The number of large protests and demonstrations – those with at least 100 participants – has spiked 36% since the Global Financial Crisis (GFC) in 2008-2009, from an average of 355 per year in the 10 years to 2009 to 483 per year in the decade following, according to a study by specialty reinsurance company Chaucer. This rise in protests has increased interest in strikes, riots and civil commotions (SRCC) insurance, a special category of insurance that protects businesses against losses incurred due to protests and other civil unrest.
The rise in large protests has been notable across Europe, the Middle East and Africa, Chaucer said. The number of large protests in Europe spiked 71%, from an average of 92 per year between 2000 and 2009 to 157 between 2010 and 2019. Average annual protests for the Middle East and North Africa (MENA) region rose by 229% (from 22 to 72 per year), while those for sub-Saharan Africa rose 48% (from 59 to 88 per year).
The effect of the GFC on public finances led to many governments enacting austerity measures, including spending cuts and tax increases. That, in turn, led to popular opposition movements and street protests, including the Occupy movement in the US and elsewhere.
In recent years, the Black Lives Matter movement has led to an increase in protests in the US and across the globe, according to Chaucer. The reinsurer’s analysis of US data found that the number of large protests jumped 156% last year, from 2,553 to 6,545, driven by the Black Lives Matter movement.
Germany saw the largest increase in sizeable protests among major European economies, Chaucer reported. The number jumped from an average of 4.7 per year between 2000 and 2009 to 16.3 between 2010 and 2019, a spike of 247%. France followed, with a 108% increase from 7.1 annually to 14.8 annually.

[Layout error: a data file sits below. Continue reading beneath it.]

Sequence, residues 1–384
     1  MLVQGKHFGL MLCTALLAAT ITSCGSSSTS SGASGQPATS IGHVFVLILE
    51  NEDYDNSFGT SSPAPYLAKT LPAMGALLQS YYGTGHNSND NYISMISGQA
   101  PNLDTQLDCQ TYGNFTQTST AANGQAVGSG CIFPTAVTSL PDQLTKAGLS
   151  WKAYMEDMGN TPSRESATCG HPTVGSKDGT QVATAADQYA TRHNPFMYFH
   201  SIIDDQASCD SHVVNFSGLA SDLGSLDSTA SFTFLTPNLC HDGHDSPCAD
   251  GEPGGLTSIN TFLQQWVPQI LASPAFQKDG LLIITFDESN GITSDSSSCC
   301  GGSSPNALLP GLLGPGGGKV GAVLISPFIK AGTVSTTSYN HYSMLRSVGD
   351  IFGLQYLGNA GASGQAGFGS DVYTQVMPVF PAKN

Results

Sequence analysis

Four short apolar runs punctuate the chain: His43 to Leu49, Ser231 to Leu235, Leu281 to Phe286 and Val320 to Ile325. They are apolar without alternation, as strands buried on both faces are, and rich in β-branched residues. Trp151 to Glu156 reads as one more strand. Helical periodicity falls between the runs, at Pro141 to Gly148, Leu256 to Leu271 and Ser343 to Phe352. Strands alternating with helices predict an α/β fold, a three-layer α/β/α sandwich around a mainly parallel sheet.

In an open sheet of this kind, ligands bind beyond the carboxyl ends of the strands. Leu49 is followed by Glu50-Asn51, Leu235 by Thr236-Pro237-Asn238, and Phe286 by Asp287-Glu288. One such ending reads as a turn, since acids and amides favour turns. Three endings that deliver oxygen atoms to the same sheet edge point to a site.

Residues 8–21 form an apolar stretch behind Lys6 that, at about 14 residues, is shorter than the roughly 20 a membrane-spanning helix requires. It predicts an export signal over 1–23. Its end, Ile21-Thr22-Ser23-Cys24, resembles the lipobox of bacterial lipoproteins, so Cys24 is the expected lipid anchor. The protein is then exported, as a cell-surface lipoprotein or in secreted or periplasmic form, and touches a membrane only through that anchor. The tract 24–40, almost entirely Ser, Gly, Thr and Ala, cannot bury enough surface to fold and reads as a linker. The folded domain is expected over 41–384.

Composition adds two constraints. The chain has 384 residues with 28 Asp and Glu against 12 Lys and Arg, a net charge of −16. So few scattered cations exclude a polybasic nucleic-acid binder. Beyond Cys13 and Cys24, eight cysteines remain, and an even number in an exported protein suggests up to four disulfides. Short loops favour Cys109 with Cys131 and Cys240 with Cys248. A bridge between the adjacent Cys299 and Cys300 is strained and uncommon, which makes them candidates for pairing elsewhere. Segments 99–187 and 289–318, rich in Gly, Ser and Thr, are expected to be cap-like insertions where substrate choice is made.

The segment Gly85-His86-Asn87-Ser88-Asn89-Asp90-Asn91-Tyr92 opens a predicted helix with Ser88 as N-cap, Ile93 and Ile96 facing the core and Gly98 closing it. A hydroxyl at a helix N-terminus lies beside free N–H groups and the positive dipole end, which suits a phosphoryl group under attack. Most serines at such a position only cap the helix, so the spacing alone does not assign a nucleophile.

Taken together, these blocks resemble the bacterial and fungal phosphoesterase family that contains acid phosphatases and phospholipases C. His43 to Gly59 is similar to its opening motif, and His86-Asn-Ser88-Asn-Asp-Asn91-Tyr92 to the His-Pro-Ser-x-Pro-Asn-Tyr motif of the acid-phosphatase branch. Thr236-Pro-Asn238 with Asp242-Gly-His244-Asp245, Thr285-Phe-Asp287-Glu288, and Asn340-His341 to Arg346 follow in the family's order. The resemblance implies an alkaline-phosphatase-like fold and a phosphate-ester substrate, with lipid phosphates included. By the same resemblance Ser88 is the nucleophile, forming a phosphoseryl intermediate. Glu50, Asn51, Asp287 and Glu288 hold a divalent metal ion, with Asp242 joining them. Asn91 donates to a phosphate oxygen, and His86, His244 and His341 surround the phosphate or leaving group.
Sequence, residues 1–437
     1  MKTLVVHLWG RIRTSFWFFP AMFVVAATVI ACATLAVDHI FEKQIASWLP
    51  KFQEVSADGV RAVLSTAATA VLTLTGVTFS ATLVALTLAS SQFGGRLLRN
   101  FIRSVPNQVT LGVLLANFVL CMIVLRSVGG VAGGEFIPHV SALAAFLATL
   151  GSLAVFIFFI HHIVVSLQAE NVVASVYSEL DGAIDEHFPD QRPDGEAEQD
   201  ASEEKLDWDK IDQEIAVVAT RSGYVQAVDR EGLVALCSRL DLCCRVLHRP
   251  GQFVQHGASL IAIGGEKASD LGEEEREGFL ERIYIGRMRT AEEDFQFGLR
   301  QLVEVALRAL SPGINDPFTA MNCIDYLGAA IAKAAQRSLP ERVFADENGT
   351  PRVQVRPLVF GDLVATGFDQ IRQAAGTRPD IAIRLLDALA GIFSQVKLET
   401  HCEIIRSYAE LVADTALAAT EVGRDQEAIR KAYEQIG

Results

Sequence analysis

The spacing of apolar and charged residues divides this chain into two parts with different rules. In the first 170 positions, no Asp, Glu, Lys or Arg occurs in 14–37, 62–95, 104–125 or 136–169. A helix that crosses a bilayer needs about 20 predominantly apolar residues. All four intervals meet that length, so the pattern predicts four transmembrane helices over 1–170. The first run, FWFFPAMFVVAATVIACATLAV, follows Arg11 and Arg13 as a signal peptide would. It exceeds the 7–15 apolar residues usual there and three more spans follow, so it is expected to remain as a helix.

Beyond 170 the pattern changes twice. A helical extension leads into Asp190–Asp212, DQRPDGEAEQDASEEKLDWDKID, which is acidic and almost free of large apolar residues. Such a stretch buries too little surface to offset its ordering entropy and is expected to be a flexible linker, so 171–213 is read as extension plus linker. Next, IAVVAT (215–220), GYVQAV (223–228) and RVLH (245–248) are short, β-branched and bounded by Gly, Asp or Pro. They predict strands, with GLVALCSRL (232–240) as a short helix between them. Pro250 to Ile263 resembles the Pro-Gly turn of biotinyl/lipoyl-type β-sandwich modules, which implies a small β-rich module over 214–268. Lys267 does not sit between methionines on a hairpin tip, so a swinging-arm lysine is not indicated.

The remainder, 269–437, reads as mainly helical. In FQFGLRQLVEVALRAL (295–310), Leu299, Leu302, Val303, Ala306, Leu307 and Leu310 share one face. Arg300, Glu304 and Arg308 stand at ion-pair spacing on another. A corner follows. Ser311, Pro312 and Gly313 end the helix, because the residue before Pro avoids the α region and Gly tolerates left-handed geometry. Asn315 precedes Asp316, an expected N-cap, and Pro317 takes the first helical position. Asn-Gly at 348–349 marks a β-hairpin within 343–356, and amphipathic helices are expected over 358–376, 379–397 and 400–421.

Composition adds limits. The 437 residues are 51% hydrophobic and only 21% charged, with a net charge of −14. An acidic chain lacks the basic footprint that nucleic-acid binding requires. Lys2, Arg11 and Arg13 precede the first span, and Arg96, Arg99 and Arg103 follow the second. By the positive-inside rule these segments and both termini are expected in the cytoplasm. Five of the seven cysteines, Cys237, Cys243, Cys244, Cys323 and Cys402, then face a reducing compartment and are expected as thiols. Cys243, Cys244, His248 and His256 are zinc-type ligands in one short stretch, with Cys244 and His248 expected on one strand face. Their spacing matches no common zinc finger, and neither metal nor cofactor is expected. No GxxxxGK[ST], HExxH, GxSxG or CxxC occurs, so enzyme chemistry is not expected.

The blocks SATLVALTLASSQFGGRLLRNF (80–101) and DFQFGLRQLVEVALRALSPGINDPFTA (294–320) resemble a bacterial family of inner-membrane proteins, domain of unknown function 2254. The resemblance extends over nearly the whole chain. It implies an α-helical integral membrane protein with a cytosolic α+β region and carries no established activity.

Last year, the COVID-19 pandemic led to the largest economic contraction since the Great Depression, adding stress to developing economies still recovering from the GFC. Chaucer predicted that more political unrest would arise in the coming years as a result of the pandemic.
“These figures clearly show an increase in political unrest in the post-financial crisis world,” said Andrew Bauckham, head of political violence and crisis management at Chaucer. “When times are tough, anger inevitably mounts against governments and elites, which spills over into protest and civil unrest. Increasing incidents of civil protest has led some international insurers to exclude damage caused by protests and unrest from mainstream insurance.
“This process of removing cover was accelerated by the increase in global protests after the Global Financial Crisis. This has created the need for a specific class of insurance that banks, retailers, leisure operators, real estate funds and other businesses can buy to make sure they are covered for what can be very major losses.”
Businesses and homeowners are increasingly looking to specialist SRCC insurance to supplement their standard policies, Chaucer said.
“Failure to do so could potentially be costly,” the insurer said. “According to the Insurance Information Institute, the Black Lives Matter protests between May 26 and June 8 of 2020 are estimated to have cost US insurers between US$1-US$2 billion.”